Open access
Research Article
16 June 2020

Synthetic Symbiosis under Environmental Disturbances

ABSTRACT

By virtue of complex ecologies, the behavior of mutualisms is challenging to study and nearly impossible to predict. However, laboratory engineered mutualistic systems facilitate a better understanding of their bare essentials. On the basis of an abstract theoretical model and a modifiable experimental yeast system, we explore the environmental limits of self-organized cooperation based on the production and use of specific metabolites. We develop and test the assumptions and stability of the theoretical model by leveraging the simplicity of an artificial yeast system as a simple model of mutualism. We examine how one-off, recurring, and permanent changes to an ecological niche affect a cooperative interaction and change the population composition of an engineered mutualistic system. Moreover, we explore how the cellular burden of cooperating influences the stability of mutualism and how environmental changes shape this stability. Our results highlight the fragility of mutualisms and suggest interventions, including those that rely on the use of synthetic biology.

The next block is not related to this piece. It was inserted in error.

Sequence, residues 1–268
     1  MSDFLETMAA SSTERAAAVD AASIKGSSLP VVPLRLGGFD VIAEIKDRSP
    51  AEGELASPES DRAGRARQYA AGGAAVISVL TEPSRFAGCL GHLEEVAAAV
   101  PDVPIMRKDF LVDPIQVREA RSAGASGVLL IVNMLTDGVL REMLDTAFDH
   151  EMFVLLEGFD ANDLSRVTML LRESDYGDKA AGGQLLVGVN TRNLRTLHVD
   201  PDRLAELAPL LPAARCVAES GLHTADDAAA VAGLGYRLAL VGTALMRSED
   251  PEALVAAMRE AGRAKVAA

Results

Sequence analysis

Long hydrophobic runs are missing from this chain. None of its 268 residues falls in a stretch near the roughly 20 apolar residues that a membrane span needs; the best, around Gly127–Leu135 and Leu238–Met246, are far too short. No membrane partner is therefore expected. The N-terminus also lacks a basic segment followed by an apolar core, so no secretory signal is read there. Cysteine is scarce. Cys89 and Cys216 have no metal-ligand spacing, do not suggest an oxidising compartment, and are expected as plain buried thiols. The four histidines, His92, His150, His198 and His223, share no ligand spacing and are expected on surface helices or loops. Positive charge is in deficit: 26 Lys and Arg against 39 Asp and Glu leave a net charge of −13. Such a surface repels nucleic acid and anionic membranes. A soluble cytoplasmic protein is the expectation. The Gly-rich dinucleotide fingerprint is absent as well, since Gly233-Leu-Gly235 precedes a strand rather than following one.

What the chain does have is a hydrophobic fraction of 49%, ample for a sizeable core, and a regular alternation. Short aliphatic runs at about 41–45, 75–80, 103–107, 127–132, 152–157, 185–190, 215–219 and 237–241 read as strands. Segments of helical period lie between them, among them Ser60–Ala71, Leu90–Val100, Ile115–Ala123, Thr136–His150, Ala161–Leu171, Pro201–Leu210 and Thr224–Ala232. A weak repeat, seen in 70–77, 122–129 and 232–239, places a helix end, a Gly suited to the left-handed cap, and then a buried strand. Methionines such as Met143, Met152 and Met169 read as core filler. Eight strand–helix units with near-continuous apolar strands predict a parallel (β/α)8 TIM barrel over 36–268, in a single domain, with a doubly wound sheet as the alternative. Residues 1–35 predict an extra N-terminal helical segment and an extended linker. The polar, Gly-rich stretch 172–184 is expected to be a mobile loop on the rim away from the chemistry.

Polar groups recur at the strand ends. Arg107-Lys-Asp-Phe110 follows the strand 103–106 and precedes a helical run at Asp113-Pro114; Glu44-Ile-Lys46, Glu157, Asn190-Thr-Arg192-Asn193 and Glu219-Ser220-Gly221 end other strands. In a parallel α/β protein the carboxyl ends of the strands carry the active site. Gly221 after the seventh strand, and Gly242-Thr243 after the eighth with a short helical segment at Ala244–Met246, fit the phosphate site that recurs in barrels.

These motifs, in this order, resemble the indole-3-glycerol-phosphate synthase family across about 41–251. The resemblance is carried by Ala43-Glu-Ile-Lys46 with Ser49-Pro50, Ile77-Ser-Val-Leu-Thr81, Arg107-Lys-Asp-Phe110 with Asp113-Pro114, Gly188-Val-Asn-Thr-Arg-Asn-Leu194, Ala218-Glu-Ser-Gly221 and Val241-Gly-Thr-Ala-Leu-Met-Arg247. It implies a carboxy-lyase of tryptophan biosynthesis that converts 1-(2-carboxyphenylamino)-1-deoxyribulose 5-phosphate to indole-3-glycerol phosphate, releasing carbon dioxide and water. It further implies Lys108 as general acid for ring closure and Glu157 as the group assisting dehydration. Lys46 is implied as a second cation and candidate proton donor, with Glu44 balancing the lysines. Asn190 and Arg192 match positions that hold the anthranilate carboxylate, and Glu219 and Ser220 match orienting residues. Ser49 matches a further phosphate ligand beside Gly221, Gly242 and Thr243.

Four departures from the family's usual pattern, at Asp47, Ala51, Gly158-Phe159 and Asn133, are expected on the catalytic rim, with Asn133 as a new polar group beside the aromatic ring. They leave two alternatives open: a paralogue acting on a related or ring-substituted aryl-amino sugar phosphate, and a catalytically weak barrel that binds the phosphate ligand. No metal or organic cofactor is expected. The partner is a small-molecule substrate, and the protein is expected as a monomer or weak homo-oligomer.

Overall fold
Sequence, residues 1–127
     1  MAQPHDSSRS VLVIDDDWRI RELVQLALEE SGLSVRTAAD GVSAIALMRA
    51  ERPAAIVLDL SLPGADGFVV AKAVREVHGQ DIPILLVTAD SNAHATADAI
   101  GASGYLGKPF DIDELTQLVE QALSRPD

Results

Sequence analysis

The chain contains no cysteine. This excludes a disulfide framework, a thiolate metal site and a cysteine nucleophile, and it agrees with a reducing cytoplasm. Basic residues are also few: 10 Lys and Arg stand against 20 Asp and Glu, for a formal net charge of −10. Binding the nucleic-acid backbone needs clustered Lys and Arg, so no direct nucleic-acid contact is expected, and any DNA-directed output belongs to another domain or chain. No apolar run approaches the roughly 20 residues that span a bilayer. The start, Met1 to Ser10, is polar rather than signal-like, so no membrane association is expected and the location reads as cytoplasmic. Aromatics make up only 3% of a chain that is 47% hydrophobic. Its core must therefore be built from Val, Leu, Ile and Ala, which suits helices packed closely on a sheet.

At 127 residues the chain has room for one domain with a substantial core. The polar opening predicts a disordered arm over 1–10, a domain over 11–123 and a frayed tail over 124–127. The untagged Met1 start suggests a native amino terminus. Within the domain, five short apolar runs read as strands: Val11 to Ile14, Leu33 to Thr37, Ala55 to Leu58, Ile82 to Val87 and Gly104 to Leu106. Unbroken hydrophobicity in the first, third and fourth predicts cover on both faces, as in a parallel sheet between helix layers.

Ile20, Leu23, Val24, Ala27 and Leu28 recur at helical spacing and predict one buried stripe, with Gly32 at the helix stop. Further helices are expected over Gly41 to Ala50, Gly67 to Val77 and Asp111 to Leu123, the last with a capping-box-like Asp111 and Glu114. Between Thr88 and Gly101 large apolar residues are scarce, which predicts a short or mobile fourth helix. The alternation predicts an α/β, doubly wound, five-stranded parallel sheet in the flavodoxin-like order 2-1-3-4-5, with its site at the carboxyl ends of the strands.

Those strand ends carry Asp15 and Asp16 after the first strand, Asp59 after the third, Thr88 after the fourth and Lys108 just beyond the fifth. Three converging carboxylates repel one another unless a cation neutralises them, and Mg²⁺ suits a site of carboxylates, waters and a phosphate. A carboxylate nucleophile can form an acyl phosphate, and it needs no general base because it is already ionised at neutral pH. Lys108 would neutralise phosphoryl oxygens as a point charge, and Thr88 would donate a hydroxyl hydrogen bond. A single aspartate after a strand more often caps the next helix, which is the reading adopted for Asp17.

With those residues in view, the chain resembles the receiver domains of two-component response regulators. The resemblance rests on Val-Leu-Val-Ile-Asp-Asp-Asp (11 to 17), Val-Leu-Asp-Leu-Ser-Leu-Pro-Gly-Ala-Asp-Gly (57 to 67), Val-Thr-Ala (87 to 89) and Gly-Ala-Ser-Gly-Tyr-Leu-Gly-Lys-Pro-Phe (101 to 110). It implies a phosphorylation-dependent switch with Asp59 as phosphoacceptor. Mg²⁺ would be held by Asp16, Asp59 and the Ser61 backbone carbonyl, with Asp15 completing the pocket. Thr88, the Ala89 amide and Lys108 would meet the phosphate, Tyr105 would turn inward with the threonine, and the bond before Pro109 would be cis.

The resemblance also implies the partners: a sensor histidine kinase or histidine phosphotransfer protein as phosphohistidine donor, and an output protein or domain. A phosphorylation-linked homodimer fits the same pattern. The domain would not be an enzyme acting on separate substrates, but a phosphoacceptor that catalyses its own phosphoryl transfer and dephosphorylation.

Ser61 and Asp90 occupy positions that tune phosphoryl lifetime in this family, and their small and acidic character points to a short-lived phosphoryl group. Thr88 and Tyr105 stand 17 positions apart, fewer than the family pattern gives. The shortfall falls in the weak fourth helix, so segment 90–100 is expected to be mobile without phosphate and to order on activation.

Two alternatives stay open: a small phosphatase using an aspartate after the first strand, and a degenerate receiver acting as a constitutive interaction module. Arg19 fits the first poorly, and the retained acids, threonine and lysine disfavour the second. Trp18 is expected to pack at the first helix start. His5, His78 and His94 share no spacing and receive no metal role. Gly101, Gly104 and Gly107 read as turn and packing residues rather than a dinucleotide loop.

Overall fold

IMPORTANCE The power of synthetic biology is immense. Will it, however, be able to withstand the environmental pressures once released in the wild. As new technologies aim to do precisely the same, we use a much simpler model to test mathematically the effect of a changing environment on a synthetic biological system. We assume that the system is successful if it maintains proportions close to what we observe in the laboratory. Extreme deviations from the expected equilibrium are possible as the environment changes. Our study provides the conditions and the designer specifications which may need to be incorporated in the synthetic systems if we want such “ecoblocs” to survive in the wild.

INTRODUCTION